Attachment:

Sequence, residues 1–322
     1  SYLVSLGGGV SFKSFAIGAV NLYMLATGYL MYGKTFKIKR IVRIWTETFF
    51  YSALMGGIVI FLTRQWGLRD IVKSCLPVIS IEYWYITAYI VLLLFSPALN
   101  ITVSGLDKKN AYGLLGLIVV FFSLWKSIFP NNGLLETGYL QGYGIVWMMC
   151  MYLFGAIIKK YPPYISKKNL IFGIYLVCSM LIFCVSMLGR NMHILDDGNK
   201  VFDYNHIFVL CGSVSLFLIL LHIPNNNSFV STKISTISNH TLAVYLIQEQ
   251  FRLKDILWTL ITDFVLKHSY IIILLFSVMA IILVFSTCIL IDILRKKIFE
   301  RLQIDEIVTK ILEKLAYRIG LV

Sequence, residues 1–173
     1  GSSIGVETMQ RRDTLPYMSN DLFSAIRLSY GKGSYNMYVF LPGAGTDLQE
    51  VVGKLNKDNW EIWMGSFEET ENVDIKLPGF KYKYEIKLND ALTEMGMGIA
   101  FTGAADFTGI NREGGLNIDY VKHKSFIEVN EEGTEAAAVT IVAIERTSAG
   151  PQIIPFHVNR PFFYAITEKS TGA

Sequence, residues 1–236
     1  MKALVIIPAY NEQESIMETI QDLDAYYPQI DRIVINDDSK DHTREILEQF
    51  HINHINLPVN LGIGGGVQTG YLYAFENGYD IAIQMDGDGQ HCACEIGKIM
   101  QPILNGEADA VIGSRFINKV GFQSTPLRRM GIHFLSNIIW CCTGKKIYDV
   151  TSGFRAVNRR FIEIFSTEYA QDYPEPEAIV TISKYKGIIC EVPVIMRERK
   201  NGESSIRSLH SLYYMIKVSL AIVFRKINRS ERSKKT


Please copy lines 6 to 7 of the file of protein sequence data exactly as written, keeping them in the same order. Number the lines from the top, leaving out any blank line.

   201  VFDYNHIFVL CGSVSLFLIL LHIPNNNSFV STKISTISNH TLAVYLIQEQ
   251  FRLKDILWTL ITDFVLKHSY IIILLFSVMA IILVFSTCIL IDILRKKIFE